“The North Wind doth blow and we shall have snow and what will poor robin do then …?” This old rhyme always comes to my mind about now.
Ducks are good to watch near Thunder Hole now. A column reader sent me a note saying there was a flock of black scoters near Thunder Hole recently in the heavy surf. These ducks are hardy souls. Among them were also some buffleheads and some red-breasted mergansers. They seemed to like being close together near the small sand bar.
Have your bird book or cell phone handy so you can figure out what you are seeing. Birdwatching along the coast is always interesting no matter what time of year.
Some of you many have noticed that there are many dying red pine trees visible on our island roads. Red pines have been killed in many areas. The worst area affected is on Norembega Mountain along Somes Sound.
The reason for these trees being killed is the infestation of red pine scale, an introduced insect. The outbreak spreads like wildfire and seriously affects red pines and Scotch pines, both two-needle pines. It was about four years ago when it first appeared here. I don’t know of any natural enemies or controls on this outbreak. Those of you who hike the island a lot probably have noticed the damage.
One of my neighbors lives near the Bass Harbor Marsh and keeps me informed of some great observations there. This week he had a barred owl sitting in a tree right near his house. Barred owls look so wise and beautiful and they are definitely exciting to see. This owl is medium size — about from your elbow to your wrist in height. It has very dark eyes but no ear tufts on its rounded head.
The barred owl has a very distinctive hoot for it seems to be say, “Who cooks, who cooks for you all.” If you are good a imitating the call it will most surely answer you and you can engage in a conversation of sorts. I think this owl is the one most frequently seen and heard.
I once came across a young owl of this species on the Ship Harbor Trail. The bird was sitting on the ground and calling for food. It made sort of a squishing sound and held its wings out and head down in anticipation. The sound is difficult to put into words but I had no doubt about the meaning and it made my day!
Our local owls are quite easy to recognize. The great horned owl is very large — about from your elbow to the tips of your fingers tall and has large ear tufts standing on top of its head. They are not ears but just decoration.
The actual ears are placed behind the eyes and are invisible unless you have the bird in hand and part the feathers. This owl has excellent hearing that makes it able to hear a mouse or rat squeak in the grass or woods.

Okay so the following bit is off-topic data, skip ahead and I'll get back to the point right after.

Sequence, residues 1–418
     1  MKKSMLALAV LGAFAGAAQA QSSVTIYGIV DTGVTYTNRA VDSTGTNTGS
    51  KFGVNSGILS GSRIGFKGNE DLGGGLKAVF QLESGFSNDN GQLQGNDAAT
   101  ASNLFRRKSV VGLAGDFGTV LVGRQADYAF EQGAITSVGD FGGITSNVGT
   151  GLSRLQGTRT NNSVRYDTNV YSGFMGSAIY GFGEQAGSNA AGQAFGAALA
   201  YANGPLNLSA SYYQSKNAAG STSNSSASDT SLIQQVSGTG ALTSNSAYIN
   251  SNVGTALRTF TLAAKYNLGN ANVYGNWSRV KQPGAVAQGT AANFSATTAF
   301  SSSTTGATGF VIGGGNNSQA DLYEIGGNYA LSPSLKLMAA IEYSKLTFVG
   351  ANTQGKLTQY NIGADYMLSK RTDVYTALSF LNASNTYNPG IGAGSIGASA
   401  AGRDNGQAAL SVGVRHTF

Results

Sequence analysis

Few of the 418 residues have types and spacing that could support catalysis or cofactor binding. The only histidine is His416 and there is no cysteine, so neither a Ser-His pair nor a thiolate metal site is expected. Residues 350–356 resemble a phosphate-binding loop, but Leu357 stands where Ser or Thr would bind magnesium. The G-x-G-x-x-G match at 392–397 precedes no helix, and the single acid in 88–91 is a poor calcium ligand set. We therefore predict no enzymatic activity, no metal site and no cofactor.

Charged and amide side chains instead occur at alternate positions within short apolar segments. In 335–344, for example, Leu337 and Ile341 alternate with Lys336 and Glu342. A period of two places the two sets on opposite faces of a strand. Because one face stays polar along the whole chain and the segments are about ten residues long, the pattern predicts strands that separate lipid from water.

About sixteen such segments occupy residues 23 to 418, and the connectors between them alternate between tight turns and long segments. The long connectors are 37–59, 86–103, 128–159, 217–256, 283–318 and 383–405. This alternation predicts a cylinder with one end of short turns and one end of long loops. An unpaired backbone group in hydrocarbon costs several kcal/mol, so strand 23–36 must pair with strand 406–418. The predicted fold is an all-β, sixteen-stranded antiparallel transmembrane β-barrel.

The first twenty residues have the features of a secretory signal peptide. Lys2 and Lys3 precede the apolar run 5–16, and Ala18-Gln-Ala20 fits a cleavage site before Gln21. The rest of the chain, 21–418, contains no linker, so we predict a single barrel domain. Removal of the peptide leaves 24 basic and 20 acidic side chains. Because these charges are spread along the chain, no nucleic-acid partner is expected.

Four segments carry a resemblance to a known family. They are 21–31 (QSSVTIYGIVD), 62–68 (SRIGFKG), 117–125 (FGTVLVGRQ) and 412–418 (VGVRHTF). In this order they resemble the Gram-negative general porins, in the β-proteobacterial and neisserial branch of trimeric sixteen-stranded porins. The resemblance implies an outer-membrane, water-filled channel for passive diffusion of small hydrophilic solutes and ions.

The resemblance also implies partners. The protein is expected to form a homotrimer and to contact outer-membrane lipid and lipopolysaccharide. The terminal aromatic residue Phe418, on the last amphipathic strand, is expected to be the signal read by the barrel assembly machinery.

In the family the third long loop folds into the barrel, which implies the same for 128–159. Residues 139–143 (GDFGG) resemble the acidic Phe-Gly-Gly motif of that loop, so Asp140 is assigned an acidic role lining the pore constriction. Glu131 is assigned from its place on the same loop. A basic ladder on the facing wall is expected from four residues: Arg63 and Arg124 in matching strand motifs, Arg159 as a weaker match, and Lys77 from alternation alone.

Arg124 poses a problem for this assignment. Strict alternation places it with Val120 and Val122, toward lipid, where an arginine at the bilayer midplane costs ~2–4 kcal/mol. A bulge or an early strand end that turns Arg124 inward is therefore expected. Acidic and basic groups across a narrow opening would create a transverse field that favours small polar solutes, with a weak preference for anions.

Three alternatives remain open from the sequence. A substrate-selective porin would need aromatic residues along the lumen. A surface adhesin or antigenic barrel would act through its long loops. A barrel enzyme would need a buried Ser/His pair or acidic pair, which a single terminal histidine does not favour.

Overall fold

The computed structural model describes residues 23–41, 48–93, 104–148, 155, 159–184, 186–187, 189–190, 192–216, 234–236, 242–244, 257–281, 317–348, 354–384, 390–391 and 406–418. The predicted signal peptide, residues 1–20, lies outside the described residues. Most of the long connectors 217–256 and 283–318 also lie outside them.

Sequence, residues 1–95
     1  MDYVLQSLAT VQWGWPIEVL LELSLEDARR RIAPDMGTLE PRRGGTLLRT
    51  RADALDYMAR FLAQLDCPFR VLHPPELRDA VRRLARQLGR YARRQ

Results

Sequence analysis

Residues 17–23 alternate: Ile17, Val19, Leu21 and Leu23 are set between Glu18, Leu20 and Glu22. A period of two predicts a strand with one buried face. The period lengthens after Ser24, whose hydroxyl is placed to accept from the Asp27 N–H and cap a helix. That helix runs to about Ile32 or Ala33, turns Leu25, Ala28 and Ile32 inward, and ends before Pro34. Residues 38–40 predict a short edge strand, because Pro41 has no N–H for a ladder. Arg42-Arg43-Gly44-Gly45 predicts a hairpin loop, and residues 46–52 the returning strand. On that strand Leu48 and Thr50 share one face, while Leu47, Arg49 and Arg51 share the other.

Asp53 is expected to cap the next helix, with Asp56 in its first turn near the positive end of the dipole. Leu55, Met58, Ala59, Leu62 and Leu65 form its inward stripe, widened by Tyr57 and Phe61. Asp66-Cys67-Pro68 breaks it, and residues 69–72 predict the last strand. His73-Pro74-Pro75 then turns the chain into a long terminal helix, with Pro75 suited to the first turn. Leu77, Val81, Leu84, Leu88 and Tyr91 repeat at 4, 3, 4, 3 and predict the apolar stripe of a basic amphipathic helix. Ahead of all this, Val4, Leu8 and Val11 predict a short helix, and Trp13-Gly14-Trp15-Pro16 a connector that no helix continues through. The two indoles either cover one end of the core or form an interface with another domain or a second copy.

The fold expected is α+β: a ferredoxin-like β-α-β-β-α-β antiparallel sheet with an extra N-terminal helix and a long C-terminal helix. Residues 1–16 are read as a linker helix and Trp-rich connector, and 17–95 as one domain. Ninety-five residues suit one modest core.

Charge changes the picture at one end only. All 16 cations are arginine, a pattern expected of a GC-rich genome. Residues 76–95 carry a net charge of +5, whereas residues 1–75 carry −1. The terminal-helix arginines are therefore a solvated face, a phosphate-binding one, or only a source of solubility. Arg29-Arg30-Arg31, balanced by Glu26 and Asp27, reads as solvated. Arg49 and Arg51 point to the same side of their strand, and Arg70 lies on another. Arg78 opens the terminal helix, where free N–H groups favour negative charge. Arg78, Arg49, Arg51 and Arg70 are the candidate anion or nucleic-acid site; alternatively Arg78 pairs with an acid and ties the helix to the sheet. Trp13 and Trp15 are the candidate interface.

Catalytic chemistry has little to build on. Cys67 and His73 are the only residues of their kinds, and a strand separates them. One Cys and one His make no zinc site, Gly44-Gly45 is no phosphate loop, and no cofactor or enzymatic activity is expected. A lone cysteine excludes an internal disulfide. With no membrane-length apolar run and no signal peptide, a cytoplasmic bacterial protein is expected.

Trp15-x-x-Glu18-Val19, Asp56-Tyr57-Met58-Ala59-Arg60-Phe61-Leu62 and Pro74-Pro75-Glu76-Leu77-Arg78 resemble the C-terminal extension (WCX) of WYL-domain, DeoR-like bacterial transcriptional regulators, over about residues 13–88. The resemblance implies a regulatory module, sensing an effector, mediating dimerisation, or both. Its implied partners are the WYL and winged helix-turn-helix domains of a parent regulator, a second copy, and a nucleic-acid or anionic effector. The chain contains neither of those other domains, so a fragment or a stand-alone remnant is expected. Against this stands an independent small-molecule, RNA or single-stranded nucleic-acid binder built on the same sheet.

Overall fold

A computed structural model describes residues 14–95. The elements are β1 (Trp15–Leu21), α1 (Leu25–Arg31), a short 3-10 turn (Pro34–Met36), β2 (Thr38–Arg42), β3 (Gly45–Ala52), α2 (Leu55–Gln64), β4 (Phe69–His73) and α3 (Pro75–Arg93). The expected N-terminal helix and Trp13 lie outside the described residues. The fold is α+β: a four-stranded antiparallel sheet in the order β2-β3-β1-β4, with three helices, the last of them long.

This owl earns its nickname “tiger of the woods.” It also eats larger prey such as skunks and other small mammals wandering about in the dark. Some owls hunt from dusk to dawn and others are daytime hunters.
Screech owls are very small, about from your wrist to your finger tips.
Snowy owls are medium sized and mostly white with some black flecking on the wings. Sitting on a windy winter beach the snowy owl looks like a newspaper flapping in the breeze. Snowy owls are often seen on a rocky ledge of on the beach. Their home territory has no trees.
I was in Labrador this past fall beyond the area where trees grow and it is a severe and very different landscape. In one area near a lighthouse the ground was nothing but sharp rocks pointed upward and the sea and high cliffs nearby. The only signs of vegetation visible were very tiny plants peeking up between the rocks. It was very odd! The only birds to be seen were sea birds.
In the winter a few northern owls may appear on Mount Desert Island. These might include the snowy owl (daytime hunter), boreal owl (nighttime hunter), northern hawk owl and great gray owl — a very large owl. If you are interested in watching birds on the island be sure and have a copy of the birding list for this island. It is a good guide for knowing what you can or might see during the seasons and what is rare. Copies are available at the park office. There may be something online as well.
I keep getting many questions these days about the lack of birds at feeders. The consensus of opinions so far is that there is so much wild food out there that feeder visits are unnecessary. If I hear any more about this I’ll let you know. Let me know what you are seeing as we shift into winter.
Send any questions, observations, or photos to email@example.com or call 244-3742.